#02 2020

Science exploration and discovery at PSSA 2020

By Lucienne Human, Gavin Rishworth, Paul-Pierre Steyn, Pumlile Cotiyane, Daniel Lemley and Thomas Bornman

This year the Phycological Society of South Africa (PSSA) conference was co-hosted by SAEON’s Elwandle Node and Nelson Mandela University and held at the Wavecrest Hotel in January 2020.

Located along the South African Wild Coast, Wavecrest has a rocky shore, sandy beach and the Inxaxo and Ngqusi estuaries, which share a common mouth. The SAEON Elwandle Node’s biogeochemist, Dr Lucienne Human, completed his honours project on these estuaries 13 years ago.

As with all conferences, registration and the icebreaker event took place on the first day, on a sunset cruise up the estuary where we were welcomed by mangroves and fish eagles.

Icebreaker sunset cruise along the estuary (Photo: Paul Steyn)

On day two, Dr Gavin Rishworth, a senior lecturer in the Zoology Department at Nelson Mandela University, delivered a keynote address on life’s first ecosystem engineers, the stromatolites. Gavin highlighted the value of these unique habitats in the South African context, where living examples have recently been discovered. This was followed by a suite of excellent scientific talks spanning harmful algal blooms to the kelp industry.

After our day of invigorating talks, the organising committee suggested a hike in the forest to revive us. Unfortunately, the intense heat got the better of us and many were left lamenting the thought of the cool breeze left behind at the pool.

Although the views were spectacular on our hike in the forest, the heat was so intense that some of us wished we were back at the pool! (Photo: Gavin Rishworth)

Kelp forest along the rocky shore at Wavecrest (Photo: Paul Steyn)

Exploring the coastline

Day three was set aside for exploring and stromatolite hunting. After breakfast we departed to the rocky shore in search of adventure, heading south along the rocky shoreline.

Soon evidence of freshwater seepage was seen above the highwater mark and this spurred the expedition on. After about a kilometre of walking we found a small stromatolite accretion.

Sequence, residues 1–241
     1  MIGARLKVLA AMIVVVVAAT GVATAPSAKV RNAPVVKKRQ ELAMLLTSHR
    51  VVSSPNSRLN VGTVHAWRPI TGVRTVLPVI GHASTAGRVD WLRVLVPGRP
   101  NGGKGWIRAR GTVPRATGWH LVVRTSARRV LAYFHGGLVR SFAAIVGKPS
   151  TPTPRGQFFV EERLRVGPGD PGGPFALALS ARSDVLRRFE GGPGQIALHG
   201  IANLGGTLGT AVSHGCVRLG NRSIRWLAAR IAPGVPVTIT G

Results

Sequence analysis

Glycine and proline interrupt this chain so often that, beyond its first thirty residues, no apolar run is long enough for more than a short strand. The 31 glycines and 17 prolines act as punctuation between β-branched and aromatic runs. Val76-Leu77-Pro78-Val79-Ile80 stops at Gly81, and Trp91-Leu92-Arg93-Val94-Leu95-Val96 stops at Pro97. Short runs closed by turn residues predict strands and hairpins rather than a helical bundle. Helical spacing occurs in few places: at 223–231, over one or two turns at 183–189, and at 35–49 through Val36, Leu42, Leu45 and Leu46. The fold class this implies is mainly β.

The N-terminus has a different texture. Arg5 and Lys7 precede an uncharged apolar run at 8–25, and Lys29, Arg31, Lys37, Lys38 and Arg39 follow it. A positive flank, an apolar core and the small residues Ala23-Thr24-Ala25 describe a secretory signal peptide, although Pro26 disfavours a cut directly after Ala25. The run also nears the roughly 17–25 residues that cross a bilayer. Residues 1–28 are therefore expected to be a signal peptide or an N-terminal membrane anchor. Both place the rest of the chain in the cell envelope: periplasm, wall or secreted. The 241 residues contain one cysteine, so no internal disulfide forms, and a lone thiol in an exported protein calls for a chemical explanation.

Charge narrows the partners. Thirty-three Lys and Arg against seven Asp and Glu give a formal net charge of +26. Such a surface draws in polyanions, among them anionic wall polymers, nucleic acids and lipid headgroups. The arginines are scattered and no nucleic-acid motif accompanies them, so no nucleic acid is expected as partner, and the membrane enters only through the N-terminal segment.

However, in the intense summer sun, the allure of the pool back at the hotel proved too great a temptation for some adventurers. While most of us returned to collect some macroalgae herbarium specimens, some continued onward in search of more stromatolites.

Those continuing the search soon realised that the rocky shoreline was in fact rich with stromatolite seeps – about 50 were seen in total. This is the first observation of these systems here and further research is planned in this idyllic location.

Some of the intrepid stromatolite hunters. From left – Dr Lucienne Human, SAEON, Prof Gavin Maneveldt, University of the Western Cape and Dr Daniel Lemley, Nelson Mandela University (Photo: Gavin Rishworth)

Finding stromatolite “gold” – a piece of the layered calcite-crystal accretion from a site south of Wavecrest Hotel (Photo: Gavin Rishworth)

Paul-Pierre Steyn of Nelson Mandela University and SAEON’s Tommy Bornman test the Diving PAM (Photo: Paul Steyn)

Snorkelling among the kelp. From left – Tommy Bornman, Lucienne Human and Pumlile Cotiyane (Photo: Paul Steyn)

During our time in the pools collecting macroalgae, we also had the opportunity to test SAEON’s Waltz Diving PAM fluorimeter. PAM, or Pulse Amplitude Modulated fluorescence measurement, is a method that uses chlorophyll fluorescence signals to collect data on the photosynthetic rate, stress response and light requirements of plants or algae.

The fact that it can be used underwater makes the Diving PAM different from most other such fluorescence measurement instruments. It will enable SAEON to monitor the health of our coral reefs, detect stress in seagrass communities and investigate the effect of seawater temperature change in kelp forests, to mention just a few applications.

Very few of these instruments are accessible in South Africa, and the newly acquired systems promise to provide Elwandle Node scientists with very valuable information.

The final day was set with some interesting scientific talks about kelp, followed by two intensive workshops on the use of algae in industry. The conference concluded with a gala dinner in the evening, where SAEON Elwandle Node student, Luca Stirnimann, was awarded the best student oral presentation.”